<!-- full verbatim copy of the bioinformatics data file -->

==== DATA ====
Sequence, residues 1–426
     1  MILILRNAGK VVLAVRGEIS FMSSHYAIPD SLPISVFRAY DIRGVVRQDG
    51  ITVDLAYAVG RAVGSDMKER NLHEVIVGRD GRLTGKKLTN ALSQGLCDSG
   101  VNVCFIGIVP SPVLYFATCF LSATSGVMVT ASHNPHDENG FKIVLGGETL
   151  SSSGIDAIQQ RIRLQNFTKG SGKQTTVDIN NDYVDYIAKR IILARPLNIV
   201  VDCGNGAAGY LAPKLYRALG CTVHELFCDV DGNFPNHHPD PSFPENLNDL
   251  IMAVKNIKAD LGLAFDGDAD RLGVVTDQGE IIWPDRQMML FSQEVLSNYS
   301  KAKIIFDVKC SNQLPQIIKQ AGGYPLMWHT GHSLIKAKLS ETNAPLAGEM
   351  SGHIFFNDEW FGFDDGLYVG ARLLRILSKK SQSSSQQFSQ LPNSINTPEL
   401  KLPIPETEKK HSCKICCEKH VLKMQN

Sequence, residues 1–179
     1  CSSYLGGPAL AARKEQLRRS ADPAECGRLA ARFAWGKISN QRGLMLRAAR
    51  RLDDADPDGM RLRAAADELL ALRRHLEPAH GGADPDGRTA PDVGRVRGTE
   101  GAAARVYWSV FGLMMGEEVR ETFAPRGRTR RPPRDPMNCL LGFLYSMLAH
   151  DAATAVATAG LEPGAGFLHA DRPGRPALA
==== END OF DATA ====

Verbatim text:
Sequence, residues 1–426
     1  MILILRNAGK VVLAVRGEIS FMSSHYAIPD SLPISVFRAY DIRGVVRQDG
    51  ITVDLAYAVG RAVGSDMKER NLHEVIVGRD GRLTGKKLTN ALSQGLCDSG
   101  VNVCFIGIVP SPVLYFATCF LSATSGVMVT ASHNPHDENG FKIVLGGETL
   151  SSSGIDAIQQ RIRLQNFTKG SGKQTTVDIN NDYVDYIAKR IILARPLNIV
   201  VDCGNGAAGY LAPKLYRALG CTVHELFCDV DGNFPNHHPD PSFPENLNDL
   251  IMAVKNIKAD LGLAFDGDAD RLGVVTDQGE IIWPDRQMML FSQEVLSNYS
   301  KAKIIFDVKC SNQLPQIIKQ AGGYPLMWHT GHSLIKAKLS ETNAPLAGEM
   351  SGHIFFNDEW FGFDDGLYVG ARLLRILSKK SQSSSQQFSQ LPNSINTPEL
   401  KLPIPETEKK HSCKICCEKH VLKMQN

Sequence, residues 1–179
     1  CSSYLGGPAL AARKEQLRRS ADPAECGRLA ARFAWGKISN QRGLMLRAAR
    51  RLDDADPDGM RLRAAADELL ALRRHLEPAH GGADPDGRTA PDVGRVRGTE
   101  GAAARVYWSV FGLMMGEEVR ETFAPRGRTR RPPRDPMNCL LGFLYSMLAH
   151  DAATAVATAG LEPGAGFLHA DRPGRPALA